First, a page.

Thursday, June 28, 2007

No. 38: The Anthology (1947-1972)

Band: Muddy Waters
Album: The Anthology (1947-1972)
Why Rolling Stone gets it right: In the same way the standard blues of Robert Johnson was important, Muddy Waters' "Chicago blues" style of music was the next step in the creation of rock and roll. Just the insertion of phrase "Rolling Stone" into music terminology was Waters' creation.
Why Rolling Stone gets it wrong: I imagine this should be higher. The songs on the compilation just ooze rock and roll. Some of them have truly become rock standards ("I Just Want To Make Love To You," "Mannish Boy" and "Hoochie Coochie Man").
Best song: I like "You Shook Me," "Gypsy Woman" and "Got My Mojo Working."
Worst song: Some of the stuff gets repetitive, but -- like Chuck Berry -- none of the songs are bad, per se.
Is it awesome?: Yes. Ten times over.

Muddy Waters is one of the most important musicians in rock and roll history. Unlike Robert Johnson before him, Waters was around for a while and was able to enjoy some level of success during his lifetime, but, more importantly, more of him was caught on tape.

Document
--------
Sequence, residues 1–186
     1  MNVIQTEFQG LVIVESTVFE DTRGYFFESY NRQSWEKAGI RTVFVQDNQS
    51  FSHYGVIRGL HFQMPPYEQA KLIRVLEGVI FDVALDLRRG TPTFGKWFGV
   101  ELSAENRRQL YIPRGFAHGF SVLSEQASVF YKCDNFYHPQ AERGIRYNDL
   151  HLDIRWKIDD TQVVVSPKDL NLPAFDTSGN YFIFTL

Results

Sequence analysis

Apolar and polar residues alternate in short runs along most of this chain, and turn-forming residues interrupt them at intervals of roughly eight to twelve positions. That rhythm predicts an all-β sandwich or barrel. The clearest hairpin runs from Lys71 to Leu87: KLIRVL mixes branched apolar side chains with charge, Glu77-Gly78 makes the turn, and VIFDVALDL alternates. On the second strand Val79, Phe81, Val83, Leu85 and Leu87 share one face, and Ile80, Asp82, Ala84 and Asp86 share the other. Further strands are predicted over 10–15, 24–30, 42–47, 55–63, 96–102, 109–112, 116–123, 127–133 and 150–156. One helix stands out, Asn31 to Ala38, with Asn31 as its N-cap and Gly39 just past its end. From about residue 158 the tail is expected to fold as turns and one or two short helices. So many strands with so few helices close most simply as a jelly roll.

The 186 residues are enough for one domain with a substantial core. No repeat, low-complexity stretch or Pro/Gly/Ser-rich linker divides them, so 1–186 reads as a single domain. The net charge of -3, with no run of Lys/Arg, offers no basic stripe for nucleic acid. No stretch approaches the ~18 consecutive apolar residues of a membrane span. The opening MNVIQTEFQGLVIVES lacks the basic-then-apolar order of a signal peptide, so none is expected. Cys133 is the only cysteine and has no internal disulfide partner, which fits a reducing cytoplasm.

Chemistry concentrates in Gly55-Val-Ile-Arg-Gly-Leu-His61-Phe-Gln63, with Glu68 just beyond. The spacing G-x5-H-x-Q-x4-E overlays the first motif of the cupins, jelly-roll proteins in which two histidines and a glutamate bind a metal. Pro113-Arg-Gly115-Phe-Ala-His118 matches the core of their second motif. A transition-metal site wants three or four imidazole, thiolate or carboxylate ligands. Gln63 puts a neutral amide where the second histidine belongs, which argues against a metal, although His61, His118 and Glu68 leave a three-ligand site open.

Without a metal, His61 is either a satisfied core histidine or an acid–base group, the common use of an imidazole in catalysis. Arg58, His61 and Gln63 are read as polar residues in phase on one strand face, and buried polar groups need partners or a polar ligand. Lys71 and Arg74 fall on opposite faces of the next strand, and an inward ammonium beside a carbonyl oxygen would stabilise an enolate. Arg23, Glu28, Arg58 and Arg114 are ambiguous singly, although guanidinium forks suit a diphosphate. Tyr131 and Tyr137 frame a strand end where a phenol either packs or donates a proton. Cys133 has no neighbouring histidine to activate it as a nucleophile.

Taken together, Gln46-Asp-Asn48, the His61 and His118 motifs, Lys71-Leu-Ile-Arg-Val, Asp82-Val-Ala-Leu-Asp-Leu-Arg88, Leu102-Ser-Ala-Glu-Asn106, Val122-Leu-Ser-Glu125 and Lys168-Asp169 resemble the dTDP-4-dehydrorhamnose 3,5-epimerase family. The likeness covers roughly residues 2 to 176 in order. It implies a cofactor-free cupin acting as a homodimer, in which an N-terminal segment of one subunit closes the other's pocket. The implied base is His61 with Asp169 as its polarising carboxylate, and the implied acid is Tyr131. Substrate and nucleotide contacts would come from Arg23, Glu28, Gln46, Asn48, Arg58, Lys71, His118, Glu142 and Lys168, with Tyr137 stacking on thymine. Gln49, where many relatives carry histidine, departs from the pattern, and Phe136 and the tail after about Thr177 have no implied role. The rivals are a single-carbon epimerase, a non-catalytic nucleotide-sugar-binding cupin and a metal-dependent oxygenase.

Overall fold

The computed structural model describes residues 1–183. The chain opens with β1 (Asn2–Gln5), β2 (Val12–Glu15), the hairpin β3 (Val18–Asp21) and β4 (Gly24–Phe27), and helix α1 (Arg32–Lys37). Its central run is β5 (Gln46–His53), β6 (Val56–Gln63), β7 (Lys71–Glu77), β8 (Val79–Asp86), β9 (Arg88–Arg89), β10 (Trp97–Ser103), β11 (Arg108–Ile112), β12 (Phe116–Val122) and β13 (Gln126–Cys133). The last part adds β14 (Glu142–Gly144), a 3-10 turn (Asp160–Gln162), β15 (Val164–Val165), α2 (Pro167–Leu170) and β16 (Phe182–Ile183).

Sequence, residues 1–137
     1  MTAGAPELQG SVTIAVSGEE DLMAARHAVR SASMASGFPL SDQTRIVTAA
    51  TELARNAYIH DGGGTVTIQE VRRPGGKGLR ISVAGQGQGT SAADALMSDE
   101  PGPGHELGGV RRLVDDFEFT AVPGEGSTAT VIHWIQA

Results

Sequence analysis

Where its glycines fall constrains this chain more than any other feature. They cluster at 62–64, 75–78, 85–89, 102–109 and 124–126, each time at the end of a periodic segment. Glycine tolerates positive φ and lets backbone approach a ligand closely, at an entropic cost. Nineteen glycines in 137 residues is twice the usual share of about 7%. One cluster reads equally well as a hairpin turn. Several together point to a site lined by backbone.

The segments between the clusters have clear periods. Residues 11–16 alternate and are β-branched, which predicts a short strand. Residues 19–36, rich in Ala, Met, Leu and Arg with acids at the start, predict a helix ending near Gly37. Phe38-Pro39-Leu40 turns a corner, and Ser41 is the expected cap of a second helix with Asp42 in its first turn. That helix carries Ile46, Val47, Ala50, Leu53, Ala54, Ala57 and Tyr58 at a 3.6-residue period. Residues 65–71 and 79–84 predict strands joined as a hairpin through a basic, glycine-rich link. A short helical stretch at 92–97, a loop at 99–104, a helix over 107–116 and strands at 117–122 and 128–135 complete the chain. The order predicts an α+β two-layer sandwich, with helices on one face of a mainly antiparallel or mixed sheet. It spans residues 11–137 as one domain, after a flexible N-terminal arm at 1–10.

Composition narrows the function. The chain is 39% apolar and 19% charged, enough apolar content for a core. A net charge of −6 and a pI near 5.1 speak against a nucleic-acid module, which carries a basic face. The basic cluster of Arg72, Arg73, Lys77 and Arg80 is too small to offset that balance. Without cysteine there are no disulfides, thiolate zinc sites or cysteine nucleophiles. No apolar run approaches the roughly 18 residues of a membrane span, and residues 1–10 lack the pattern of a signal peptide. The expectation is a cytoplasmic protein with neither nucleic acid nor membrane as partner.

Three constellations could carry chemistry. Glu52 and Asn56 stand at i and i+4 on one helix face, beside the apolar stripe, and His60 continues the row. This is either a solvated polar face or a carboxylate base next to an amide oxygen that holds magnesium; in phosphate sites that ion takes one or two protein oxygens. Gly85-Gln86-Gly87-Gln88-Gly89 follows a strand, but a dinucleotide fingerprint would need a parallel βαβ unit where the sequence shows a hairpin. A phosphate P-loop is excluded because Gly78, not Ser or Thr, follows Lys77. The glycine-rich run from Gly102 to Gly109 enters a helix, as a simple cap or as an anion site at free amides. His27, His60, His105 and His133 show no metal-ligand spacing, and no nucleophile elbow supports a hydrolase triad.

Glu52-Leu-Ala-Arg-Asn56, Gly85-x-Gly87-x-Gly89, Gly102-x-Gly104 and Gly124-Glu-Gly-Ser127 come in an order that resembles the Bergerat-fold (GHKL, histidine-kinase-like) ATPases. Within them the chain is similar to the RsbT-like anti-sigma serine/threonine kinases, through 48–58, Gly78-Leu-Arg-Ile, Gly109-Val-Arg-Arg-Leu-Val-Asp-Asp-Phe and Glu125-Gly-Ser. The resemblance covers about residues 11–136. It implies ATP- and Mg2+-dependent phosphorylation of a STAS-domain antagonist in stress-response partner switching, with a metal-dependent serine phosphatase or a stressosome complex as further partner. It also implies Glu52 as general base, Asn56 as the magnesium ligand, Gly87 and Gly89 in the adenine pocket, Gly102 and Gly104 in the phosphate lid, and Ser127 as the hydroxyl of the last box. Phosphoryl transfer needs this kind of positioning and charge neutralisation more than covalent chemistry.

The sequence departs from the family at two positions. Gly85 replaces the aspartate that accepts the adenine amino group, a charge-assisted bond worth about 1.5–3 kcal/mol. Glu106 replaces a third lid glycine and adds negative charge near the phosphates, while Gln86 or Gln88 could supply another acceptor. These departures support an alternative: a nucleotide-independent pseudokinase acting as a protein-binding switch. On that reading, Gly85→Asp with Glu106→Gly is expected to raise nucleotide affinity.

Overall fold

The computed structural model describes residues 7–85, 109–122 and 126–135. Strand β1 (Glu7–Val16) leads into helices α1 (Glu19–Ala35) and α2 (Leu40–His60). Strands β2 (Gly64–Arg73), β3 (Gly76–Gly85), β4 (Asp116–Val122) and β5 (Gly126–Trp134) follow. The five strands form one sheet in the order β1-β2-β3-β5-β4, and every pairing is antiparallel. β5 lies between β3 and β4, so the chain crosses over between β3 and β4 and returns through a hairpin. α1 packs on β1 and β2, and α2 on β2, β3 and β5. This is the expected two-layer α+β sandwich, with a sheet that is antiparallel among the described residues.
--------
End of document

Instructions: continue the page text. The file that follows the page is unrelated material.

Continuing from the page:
This anthology puts together 51 of his greatest songs. So many of the records you know have a sound based on the Chicago blues. The Rolling Stones, Hendrix, Eric Clapton, The Animals, most metal, etc. It all comes from Waters.

Hell, just look at the songs that've been covered by other artists. "Trouble No More," "Gypsy Woman," "Got My Mojo Working," "Baby, Please Don't Go," "Mannish Boy," "Walkin' Blues" and "I Just Want To Make Love To You" have been covered by bands such as Van Morrison, Ted Nugent, Lou Rawls, The Righteous Brothers, The Grateful Dead, Chuck Berry, The Rolling Stones, The Yardbirds, The Doors, Jimi Hendrix and Foghat.

Anyway, not to sound like a salesman, but you should buy this record today. It's a landmark collection of songs that changed the face of popular music.

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